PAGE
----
Russia Ukraine: Both sides are getting tired says expert
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There may be a chance that Ukraine claims victory over Vladimir Putin’s forces before the end of the year, military experts have told Express.co.uk, but Kyiv’s success will hinge on two factors in bringing the war to an end. A senior British government source told The Times on Saturday that Ukrainian forces could repel Russian forces back to their original borders by the end of the year, should Kyiv continue to forge ahead at its current pace.
Chemical and biological weapons expert, Hamish de Bretton-Gordon, said it was “entirely possible” that Kyiv emerges triumphant from the invasion effort before the new year.
He told Express.co.uk that Ukraine “has all the momentum and morale”, whereas Russia’s conventional forces “are physically and morally beaten”.
The former British Army army colonel said on-the-ground conditions for Russian forces are “only going to get worse when barely-trained conscripts are pushed over the top”.
Pointing to the explosion that rocked Russia’s primary supply route from the mainland to annexed Crimea on Friday, he said the detonation was “yet more bad news” for Putin that will contribute to dwindling morale ahead of the winter.
Describing the Russian leader as a Hitler figure “stuck in his bunker at the end of World War III”, he expressed an optimism, and a hope, that the war is over by the Christmas period.
But Dr Marina Miron, of the Centre for Military Ethics at King’s College London, questioned how many “precise predictions” about time scale could be made at this point.
She cast doubt over whether the war will be done and dusted by the end of the year, as “both sides have set objectives that will take a while to achieve”.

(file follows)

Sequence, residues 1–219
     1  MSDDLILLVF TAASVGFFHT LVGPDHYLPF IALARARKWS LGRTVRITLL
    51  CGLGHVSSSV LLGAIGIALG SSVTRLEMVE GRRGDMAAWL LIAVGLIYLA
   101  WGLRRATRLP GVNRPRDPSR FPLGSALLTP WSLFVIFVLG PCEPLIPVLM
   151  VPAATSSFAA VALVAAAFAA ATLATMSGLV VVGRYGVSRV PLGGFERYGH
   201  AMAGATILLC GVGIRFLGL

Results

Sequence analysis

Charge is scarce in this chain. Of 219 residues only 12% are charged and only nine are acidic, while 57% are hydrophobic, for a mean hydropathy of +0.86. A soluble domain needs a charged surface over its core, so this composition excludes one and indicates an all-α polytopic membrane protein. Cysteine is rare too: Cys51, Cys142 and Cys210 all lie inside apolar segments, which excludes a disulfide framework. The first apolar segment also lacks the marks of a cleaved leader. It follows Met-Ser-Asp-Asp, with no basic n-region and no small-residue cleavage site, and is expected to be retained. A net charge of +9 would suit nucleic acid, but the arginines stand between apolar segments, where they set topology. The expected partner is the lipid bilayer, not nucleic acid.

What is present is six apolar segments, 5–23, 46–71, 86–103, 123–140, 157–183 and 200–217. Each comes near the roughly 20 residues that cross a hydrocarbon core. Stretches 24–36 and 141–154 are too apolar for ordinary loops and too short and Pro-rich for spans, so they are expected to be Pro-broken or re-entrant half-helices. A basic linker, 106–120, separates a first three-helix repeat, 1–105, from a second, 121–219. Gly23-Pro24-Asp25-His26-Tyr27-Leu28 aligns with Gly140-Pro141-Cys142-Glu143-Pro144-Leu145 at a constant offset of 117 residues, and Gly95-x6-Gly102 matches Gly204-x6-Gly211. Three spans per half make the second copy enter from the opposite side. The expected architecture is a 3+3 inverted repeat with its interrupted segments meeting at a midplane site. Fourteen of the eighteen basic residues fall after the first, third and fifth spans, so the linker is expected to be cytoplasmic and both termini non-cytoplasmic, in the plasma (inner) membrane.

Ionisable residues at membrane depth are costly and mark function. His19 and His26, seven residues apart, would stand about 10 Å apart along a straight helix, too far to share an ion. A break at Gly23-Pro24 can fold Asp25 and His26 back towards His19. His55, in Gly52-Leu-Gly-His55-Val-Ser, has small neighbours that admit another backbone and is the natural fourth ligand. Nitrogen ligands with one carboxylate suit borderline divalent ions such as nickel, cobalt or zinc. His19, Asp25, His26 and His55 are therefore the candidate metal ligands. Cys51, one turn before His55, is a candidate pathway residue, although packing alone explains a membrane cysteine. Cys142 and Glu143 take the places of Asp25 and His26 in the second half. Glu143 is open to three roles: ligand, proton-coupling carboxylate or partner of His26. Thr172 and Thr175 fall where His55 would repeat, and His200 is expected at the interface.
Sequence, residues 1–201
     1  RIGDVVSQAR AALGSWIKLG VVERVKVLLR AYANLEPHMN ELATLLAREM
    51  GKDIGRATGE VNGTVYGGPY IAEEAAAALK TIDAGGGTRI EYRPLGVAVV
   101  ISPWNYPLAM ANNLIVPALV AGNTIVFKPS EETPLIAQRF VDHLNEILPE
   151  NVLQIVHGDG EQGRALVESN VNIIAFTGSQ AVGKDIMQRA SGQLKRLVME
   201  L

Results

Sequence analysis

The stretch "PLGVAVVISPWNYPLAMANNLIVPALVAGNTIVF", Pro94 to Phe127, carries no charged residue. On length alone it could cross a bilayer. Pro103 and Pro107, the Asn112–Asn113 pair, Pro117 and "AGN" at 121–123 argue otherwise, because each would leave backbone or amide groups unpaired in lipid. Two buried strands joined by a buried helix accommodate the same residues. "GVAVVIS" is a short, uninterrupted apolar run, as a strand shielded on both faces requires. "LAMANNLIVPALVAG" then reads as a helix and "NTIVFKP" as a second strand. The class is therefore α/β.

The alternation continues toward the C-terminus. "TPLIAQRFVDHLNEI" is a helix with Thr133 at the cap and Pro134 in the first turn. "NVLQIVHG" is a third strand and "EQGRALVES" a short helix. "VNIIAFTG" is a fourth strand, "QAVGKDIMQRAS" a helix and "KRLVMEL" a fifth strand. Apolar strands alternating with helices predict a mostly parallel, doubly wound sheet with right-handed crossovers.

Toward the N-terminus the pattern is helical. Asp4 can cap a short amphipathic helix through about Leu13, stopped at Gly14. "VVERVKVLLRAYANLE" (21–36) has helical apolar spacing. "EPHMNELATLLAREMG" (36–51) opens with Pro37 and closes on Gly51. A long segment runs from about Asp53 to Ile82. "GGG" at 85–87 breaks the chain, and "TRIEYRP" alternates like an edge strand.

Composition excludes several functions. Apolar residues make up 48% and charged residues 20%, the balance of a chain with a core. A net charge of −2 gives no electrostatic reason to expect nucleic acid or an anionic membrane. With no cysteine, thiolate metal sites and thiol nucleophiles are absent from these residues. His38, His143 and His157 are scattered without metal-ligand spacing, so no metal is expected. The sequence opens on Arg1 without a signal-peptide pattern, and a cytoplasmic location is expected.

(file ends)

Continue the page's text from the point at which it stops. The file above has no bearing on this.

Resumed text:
Moscow will be looking to consolidate its hold on territories annexed by Russia after the upper house of the parliament voted to approve their incorporation into Russia earlier this week.
The Federation Council voted on Thursday to ratify legislation formalising the annexation of the Donetsk, Luhansk, Zaporizhzhia and Kherson regions, which had been controlled largely by Russian forces.
The annexations, condemned by the international community, were declared after referendums that have not been globally recognised as legitimate.
But Ukrainian officials said on Friday they had reclaimed 2,400 square kilometres of territory in Kherson.
Ukrainian president, Volodymyr Zelensky, then said in his evening address: “Our warriors do not stop. And it is only a matter of time when we will expel the occupier from all our land.”
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Dr Miron said the Kremlin will be looking to “liberate” the annexed regions under Ukrainian control, but will need more manpower, training and cohesion in its forces.
From Kyiv’s perspective, success will depend on two factors: the resistance’s progress will hinge on the strength of Western backing and on Kyiv’s economic stability, funding its war effort.
She said: “Troops will need supplies in cold weather which makes logistics for both sides more complicated.”
Dr Miron suggested that a diplomatic solution will be the only speedy resolution to the bitter war, but neither Mr Zelensky nor the Kremlin are yet “ready” to commit to such a move.
Mr Zelensky stated following the Russian-held referendums in the occupied eastern and southern regions of Ukraine that formal annexation would take diplomatic negotiations off the table.
He told CBS that the votes could lead to “lead to very tragic moments”, and has repeatedly said Ukraine would seek the return of Crimea from Russian control.
Moscow annexed the peninsula back in 2014, and used the territory to launch its southern offensive earlier this year.
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